Another factor in the growth of the industry is workers, in general, are moving away from long-term employment with one company. According to data from Forbes and the Bureau of Labor Statistics, the average worker today stays at each of his or her jobs for 4.4 years. The economic instability of the past several years has erased the stigma that used to accompany moving jobs every few years. Nowadays, a significant number of workers are using staffing and employment agencies to design the work schedule that is best for them. According to the American Staffing Association, 2 out of 3 workers using staffing services say flexible work time is “important to them.”
The expansion of the industry has led to the development of specialty areas.
Specializing in one area allows the franchisee and his or her employees to develop the expertise to match applicants for certain jobs to companies quicker than in a franchise than one more general in scope. It also helps companies seeking applicants be at ease when searching for candidates to fill positions. They feel more secure in feeling that the franchise knows how to address their specific need – a big factor in drawing repeat business. The following is information on a few franchises that specialize in a certain area:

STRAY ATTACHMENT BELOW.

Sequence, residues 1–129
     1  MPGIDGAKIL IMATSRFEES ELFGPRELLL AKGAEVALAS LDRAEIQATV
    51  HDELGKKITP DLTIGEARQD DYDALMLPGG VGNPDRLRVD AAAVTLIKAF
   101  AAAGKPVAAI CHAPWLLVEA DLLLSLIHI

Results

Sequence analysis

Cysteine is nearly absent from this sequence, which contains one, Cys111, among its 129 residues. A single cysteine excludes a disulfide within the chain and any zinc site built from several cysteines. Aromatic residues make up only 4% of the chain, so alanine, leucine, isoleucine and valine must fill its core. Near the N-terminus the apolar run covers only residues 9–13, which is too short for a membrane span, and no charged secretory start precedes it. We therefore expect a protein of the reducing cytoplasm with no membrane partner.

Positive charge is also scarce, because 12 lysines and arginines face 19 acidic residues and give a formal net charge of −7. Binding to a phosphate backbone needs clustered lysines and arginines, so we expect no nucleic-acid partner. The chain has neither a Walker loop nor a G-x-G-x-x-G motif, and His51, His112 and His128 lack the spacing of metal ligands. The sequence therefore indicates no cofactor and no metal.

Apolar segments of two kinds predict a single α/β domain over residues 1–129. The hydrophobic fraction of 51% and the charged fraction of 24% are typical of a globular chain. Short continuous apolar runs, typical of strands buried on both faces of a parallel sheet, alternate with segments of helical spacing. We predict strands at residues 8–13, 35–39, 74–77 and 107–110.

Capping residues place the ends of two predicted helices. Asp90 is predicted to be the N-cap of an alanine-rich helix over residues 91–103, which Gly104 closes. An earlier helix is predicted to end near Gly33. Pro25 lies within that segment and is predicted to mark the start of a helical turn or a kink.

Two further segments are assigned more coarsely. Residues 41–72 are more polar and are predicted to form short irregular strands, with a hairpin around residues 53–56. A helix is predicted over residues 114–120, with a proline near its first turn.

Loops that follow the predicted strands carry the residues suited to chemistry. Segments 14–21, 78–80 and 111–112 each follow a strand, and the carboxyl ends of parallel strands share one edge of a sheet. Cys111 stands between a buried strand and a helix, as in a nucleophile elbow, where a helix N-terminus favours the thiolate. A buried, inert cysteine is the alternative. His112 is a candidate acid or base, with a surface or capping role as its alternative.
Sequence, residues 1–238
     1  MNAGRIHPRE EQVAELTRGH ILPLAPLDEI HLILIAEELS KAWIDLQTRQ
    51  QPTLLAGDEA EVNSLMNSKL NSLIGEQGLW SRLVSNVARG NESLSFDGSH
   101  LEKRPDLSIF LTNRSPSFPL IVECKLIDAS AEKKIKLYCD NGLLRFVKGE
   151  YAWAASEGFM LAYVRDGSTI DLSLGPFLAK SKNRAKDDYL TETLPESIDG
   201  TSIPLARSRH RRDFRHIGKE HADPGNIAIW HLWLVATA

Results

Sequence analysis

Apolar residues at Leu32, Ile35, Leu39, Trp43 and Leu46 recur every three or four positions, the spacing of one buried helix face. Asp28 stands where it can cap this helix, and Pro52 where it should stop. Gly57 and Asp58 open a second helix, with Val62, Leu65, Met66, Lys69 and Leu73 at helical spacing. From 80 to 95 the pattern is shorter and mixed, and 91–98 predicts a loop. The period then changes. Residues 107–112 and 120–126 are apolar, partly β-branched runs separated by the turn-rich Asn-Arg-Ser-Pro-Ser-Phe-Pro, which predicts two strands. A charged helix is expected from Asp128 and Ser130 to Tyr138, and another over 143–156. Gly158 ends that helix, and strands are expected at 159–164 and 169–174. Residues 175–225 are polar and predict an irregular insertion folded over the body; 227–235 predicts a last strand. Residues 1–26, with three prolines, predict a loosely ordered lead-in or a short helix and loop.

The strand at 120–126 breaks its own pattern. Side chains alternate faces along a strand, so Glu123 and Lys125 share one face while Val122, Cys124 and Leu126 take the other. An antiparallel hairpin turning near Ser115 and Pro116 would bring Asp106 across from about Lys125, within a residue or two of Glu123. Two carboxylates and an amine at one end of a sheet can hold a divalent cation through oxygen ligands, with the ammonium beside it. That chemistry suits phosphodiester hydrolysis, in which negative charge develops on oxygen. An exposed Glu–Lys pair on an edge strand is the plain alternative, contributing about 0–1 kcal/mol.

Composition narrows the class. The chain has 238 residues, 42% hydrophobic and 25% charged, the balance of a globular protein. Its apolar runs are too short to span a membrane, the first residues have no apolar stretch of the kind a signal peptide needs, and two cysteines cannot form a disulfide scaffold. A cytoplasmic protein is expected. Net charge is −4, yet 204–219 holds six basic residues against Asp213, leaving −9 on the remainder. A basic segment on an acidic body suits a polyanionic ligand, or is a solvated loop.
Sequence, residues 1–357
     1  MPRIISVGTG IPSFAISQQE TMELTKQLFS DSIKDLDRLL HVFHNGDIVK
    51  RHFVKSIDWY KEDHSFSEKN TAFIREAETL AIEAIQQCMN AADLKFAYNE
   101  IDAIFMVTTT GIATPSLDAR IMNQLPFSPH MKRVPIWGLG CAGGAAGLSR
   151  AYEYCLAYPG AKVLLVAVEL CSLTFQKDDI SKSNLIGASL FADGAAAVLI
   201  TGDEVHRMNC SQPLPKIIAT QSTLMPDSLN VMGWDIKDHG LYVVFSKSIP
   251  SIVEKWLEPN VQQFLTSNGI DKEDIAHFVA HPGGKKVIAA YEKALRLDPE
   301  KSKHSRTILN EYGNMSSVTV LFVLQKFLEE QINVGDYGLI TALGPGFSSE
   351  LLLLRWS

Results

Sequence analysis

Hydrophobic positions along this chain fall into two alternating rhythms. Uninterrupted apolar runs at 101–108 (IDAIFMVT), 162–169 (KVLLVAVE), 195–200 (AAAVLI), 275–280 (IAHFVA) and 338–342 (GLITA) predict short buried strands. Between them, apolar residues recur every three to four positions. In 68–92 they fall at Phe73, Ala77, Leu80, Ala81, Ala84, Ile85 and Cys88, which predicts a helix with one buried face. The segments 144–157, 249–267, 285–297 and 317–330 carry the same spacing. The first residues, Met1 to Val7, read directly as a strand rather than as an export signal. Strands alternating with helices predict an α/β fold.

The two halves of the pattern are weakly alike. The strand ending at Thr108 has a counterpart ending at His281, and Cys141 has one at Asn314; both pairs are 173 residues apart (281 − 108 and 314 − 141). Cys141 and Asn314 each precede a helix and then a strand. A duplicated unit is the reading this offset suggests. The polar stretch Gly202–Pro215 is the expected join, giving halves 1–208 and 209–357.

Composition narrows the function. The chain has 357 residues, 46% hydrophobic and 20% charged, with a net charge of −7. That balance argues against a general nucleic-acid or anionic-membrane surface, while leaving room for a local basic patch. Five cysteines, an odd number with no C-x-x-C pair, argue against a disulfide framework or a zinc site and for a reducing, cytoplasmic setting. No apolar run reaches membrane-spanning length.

- NexGoal caters to former Olympic, professional and college athletes, helping them transition into business roles that take advantage of the skills they gained through high-level athletics.
- Link Staffing distinguishes itself from competitors by offering services in the crafts and trades, since “few employment placement services businesses offer services [in this area],” according to their franchise disclosure document.
- When home care, hospice and healthcare companies need nurses, therapists, aides, companions and other healthcare professionals, they can turn to a specialty staffing franchise like Interim Healthcare.
Does the Recent Browning-Ferris Decision Impact Personnel Franchises?